Benefit of Dry Fecal Matter Reuse- is it worth the cost/effort of processing?

  • Chris_Quintero
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Re: Health risks Benefit of Dry Fecal Matter Reuse

Thanks for everyone's input thus far! Great discussion.

Elisabeth- Good google sleuthing and thanks for those studies :). Yep, I've been involved with the Sanivation project working to design a better Solar UDDT to fully inactivate ascaris lumbricoides. It actually started because of the Moe/Corrales studies referenced in this thread. I had posed this question to the community because we're trying to evaluate the marginal cost/benefit of providing hardware for feces disinfection at the rural family scale.

i.e. while our Solar UDDT would render fecal matter safe for reuse without secondary treatment, is it worth the added cost (+~$150) for this assurance? Especially if the dry feces output isn't a particularly compelling fertilizer? We're trending towards thinking this answer is no for all but niche cases, but wanted to see if anyone has had experiences teaching them otherwise.

Side note: In terms of cost, use of Ammonia for fecal decontamination (through urea addition) has been a compelling option (as in addition to providing disinfection, the output's fertilizer value is raised)- Nordin's papers on this provide good info although we've yet to see data from this option implemented- let us know if you have.

As a result of these cost/benefit issues the team has recently been experimenting with prototypes of community sized decontamination systems (currently using parabolic solar concentration). The idea is that while rural and peri urban users often have containment by burial as an option for disposal, urban scenarios lack this option. As there is a recognized lack of options in urban fecal sludge management, it's an interesting avenue of exploration. We hope to have some more concrete results to share soon and are working with Toxocara canis as the indicator organism (as Ascaris Lumbricoides and Ascaris suum have been difficult to get a hold of).

Thus, I guess our real questions are:
  • Has anyone had experience where assurance of waste decontamination at a family scale would be worth such a cost premium? Say (+$150). We see the value in this at more community level systems and thus have been moving away from focusing on only the family model.
  • Has anyone seen case studies re: real world use of urea for fecal decontamination?
Thanks!
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  • canaday
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Re: Health risks Benefit of Dry Fecal Matter Reuse

Hi everyone,

Yes, Elisabeth, I am saying that the dried feces and cover material, which has been stored dry for over 6 months in the Tropics or a year in the Temperate Zone (or whatever more precise times we determine in the future), is excellent for scooping and covering new feces. Since the beginning of 2011, I have been doing this and there are notably fewer flies and smells ... and no negative reaction from the users.

For extra safety, I currently mix in one part new wood ashes to three parts recycled cover material that has been stored for over a year (here in Amazonian Ecuador).

I sift the recycled cover material with an open (8 mm?) mesh and mainly remove nails that have come with the wood ash and larger fragments of wood that have come with the sawdust (in the initial cycle of cover material). Sometimes there are clumps to be broken up, but there is nothing disgusting about them and, upon inspection, usually contain sawdust, etc., in their centers.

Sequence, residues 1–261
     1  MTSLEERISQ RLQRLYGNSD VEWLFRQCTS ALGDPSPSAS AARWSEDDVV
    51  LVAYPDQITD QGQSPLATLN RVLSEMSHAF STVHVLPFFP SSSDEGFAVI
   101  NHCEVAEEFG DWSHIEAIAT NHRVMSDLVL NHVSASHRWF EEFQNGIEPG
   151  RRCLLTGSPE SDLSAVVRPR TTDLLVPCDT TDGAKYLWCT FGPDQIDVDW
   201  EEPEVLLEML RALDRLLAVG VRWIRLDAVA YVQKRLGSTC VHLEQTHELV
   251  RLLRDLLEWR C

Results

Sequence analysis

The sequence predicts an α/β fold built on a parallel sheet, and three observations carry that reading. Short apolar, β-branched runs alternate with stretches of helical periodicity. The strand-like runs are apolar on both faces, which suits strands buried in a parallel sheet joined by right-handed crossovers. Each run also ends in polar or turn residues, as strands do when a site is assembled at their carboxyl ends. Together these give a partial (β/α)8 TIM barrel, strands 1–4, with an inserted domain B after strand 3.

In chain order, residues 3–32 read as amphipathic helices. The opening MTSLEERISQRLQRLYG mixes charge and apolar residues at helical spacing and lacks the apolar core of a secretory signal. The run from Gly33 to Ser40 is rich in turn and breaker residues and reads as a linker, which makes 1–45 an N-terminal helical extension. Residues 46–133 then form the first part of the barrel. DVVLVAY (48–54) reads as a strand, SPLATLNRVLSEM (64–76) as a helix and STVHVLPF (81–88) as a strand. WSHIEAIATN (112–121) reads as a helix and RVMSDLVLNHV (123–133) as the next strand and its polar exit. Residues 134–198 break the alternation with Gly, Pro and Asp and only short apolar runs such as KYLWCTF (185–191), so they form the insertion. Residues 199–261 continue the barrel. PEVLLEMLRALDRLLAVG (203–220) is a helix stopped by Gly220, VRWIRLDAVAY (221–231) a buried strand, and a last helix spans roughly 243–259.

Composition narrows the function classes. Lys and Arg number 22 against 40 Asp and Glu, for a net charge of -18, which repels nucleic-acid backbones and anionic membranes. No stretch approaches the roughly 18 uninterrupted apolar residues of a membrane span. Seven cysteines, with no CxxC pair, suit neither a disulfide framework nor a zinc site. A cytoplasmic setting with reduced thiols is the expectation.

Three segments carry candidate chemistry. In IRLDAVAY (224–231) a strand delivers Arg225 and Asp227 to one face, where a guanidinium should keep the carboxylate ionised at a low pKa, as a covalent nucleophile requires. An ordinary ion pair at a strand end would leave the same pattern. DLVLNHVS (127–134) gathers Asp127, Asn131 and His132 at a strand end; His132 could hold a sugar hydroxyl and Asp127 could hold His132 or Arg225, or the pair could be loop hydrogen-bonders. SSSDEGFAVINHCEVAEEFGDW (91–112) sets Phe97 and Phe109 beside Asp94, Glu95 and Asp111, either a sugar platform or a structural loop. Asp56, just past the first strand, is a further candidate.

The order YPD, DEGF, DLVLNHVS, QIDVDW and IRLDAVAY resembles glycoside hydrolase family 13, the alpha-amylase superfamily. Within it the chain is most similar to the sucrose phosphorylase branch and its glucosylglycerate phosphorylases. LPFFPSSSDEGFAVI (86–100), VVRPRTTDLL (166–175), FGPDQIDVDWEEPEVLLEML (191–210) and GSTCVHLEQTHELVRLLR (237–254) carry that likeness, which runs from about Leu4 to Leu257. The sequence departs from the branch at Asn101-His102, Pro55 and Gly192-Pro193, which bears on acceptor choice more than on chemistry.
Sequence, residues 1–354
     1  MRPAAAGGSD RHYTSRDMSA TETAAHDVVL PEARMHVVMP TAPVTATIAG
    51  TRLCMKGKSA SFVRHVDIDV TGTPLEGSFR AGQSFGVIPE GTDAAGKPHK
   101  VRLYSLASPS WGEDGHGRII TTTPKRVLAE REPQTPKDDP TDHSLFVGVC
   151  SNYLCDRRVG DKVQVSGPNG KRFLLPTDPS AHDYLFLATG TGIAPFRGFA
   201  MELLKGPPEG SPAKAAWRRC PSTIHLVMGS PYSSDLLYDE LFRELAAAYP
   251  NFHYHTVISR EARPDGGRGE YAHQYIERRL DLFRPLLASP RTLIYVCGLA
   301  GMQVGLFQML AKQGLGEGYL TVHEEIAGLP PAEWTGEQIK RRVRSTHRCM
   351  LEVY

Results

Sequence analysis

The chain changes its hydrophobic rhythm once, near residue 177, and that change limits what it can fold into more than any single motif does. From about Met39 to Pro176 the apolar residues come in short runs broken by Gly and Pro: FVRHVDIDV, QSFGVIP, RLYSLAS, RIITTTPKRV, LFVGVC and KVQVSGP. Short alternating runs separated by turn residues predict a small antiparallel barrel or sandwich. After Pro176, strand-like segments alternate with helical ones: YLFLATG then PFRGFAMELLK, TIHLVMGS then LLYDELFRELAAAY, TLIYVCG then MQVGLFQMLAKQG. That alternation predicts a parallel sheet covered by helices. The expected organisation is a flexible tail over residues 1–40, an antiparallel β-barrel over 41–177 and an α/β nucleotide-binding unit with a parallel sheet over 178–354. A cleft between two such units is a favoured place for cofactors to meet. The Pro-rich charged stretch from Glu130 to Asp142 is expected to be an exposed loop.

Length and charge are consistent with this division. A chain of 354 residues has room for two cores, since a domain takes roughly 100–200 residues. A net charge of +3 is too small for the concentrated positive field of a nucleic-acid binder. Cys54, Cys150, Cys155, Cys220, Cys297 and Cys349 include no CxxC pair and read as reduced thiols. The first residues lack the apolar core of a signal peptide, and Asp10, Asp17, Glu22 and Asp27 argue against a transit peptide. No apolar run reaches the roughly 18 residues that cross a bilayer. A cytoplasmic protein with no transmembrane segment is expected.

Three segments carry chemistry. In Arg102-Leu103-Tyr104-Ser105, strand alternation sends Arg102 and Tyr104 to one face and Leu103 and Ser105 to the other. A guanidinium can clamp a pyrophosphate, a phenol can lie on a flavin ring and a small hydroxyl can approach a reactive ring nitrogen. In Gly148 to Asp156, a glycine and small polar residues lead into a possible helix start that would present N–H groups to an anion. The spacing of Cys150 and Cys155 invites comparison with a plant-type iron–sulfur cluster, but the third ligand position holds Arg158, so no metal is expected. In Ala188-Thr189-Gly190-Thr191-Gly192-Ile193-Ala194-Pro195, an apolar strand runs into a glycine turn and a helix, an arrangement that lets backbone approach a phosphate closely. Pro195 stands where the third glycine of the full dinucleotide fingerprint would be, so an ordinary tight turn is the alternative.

The volume seems to be very close to that which is needed, since, even though the feces largely disintegrate, the sawdust and ashes mostly do not. (I would also like to experiment with biochar, which is very absorbant and does not decompose.)

One EcoSan publication (I cannot remember which) listed GREATER BIODIVERSITY in the list of factors that speed up pathogen die-off, together with the commonly stated factors of temperature, dryness, pH, exygen, etc. Recycled cover material would likely still contain some of beneficial soil microbes that broke down the feces in the previous cycle. These would likely be in an inactive state, but ready to jump back into action when given more food. (And I doubt that mixing with some ashes would kill them all, although it may restrict them to the centers of the tiny clumps of dry material). Fresh ashes and sawdust, in contrast, would have almost no microbial biodiversity.

Some UDDT webpages suggest using a mix of soil and ashes as cover material. This would be largely indistinguishable, to the human eye, from reused cover material mixed with ash, except for the lack of the larger fragments of old sawdust.

Advantages of recycling cover material:
## Not needing to find and transport so much wood ash and sawdust, etc. (New users could be provided with enough material to be used and reused forever ... until they have more children.)
## Not needing to transport feces and cover material away, just store it on-site long enough for it to be safe to use again.
## (Apparently) Fewer flies and less smell.
## (Likely) Faster die-off of pathogens due to the greater biodiversity.
## Feces from the previous cycle remain dry and pathogen die-off will continue (IF any pathogens still remain).
## If users are concerned about using recycled cover material, this would be an added incentive for them to wash their hands, as we would like them to do anyway.
## Users could occasionally make withdrawls from this nutrient bank account, when they establish new garden plots, etc. (and mix in new sawdust, etc., to maintain the required volume of cover material.)